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March 3rd, 2010

The New Yorker: Shopping in Brooklyn

Somebody at the New Yorker has been keeping close tabs on what goes on in Brooklyn. And it ain’t Eustace Tilley. It’s shopping writer, Patricia Marx, and she has her fun with Brooklyn. But in the process she mentions a host of stores that we hold dear.

Here’s the “abstract” of the story which is all I could get from the New Yorker website. To read more you’ve got to read the magazine or have a subscription to Newyorker.com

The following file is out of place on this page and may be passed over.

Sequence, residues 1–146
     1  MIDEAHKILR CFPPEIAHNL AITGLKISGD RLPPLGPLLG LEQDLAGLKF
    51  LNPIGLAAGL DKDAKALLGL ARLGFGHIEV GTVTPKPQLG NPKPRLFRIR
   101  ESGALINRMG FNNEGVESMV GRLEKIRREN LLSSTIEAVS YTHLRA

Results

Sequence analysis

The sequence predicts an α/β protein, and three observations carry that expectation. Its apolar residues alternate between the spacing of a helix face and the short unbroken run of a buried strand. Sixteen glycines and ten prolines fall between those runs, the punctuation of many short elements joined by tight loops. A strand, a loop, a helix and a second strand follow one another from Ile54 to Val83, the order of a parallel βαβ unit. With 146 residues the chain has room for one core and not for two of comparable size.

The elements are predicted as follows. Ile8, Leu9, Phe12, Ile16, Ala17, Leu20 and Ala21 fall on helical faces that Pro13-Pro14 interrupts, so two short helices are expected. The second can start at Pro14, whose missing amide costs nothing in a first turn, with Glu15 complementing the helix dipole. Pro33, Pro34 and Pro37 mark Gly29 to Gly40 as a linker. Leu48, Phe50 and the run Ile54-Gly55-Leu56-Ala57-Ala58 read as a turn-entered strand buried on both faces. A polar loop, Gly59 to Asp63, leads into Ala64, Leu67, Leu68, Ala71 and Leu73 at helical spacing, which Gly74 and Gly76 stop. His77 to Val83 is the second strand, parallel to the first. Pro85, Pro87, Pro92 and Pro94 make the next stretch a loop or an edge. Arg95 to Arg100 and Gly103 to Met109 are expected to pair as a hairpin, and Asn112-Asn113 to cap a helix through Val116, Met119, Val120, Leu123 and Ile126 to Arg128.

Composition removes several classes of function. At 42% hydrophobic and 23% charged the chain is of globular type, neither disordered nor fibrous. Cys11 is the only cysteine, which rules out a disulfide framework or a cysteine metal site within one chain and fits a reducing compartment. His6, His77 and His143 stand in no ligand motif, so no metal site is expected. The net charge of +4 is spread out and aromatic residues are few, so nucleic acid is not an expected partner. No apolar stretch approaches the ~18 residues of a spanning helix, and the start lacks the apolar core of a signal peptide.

In terms of square miles, Brooklyn is New York’s second-largest borough, after Queens; in terms of population, it is first. If Brooklyn were a city, it would be the fourth most populous in the United States. If Brooklyn were a country, its chief exports would include artisanal pickles, eco-friendly yoga wear, Red Hook Saipua soap, and books written by men named Jonathan. Writer surveys a number of Brooklyn neighborhoods. Park Slope is where parents recently won the right to bring kids in strollers into a local bar. Mentions Beacon’s Closet. Fort Greene (a designated historic district) is “an urban fantasyland” with some superb shops: Stuart & Wright, Cloth, and Marcus Malchijah’s hat studio as well as the Brooklyn Flea. Atlantic Avenue in Boerum Hill is now one of the best shopping districts in town, with such stores as Eva Gentry, Darr, Hollander and Lexer, Layla, Annie’s Blue Ribbon General Store, and the Acorn, a toy shop. In Carroll Gardens, there is a remarkable degree of D.I.Y. cottage industry going on. Writer mentions Caputo’s mozzarella (made fresh hourly), Cozbi Cabrera’s linen dolls, Ruby Moriarty (where clothes and other oddities can be bought alongside occasional performance-art shows), Proteus Gowanus, and Swallow, a gallery on Smith Street. In Williamsburg, cheap frame houses suggest a New England mill town, but hipsters can no longer afford the rent. Writer mentions C.B. I Hate Perfume, The Future Perfect, Moon River Chattel, Honey, Sweet William, Malin Landaeus, Fille de Joie and Red Pearl. In Greenpoint, the new destination for hipsters, writer mentions Alter and Pip-Squeak Chapeau. In Dumbo, there is hand-crafted chocolate at Jacques Torres Chocolate, Danish furniture at Baxter and Liebchen, and prewar and mid-century Czech avant-garde furniture at Prague Kolektiv. In Red Hook, writer mentions Erie Basin. Brooklyn boosters will swear everything is a short walk from the subway, but don’t believe them. Get a car.

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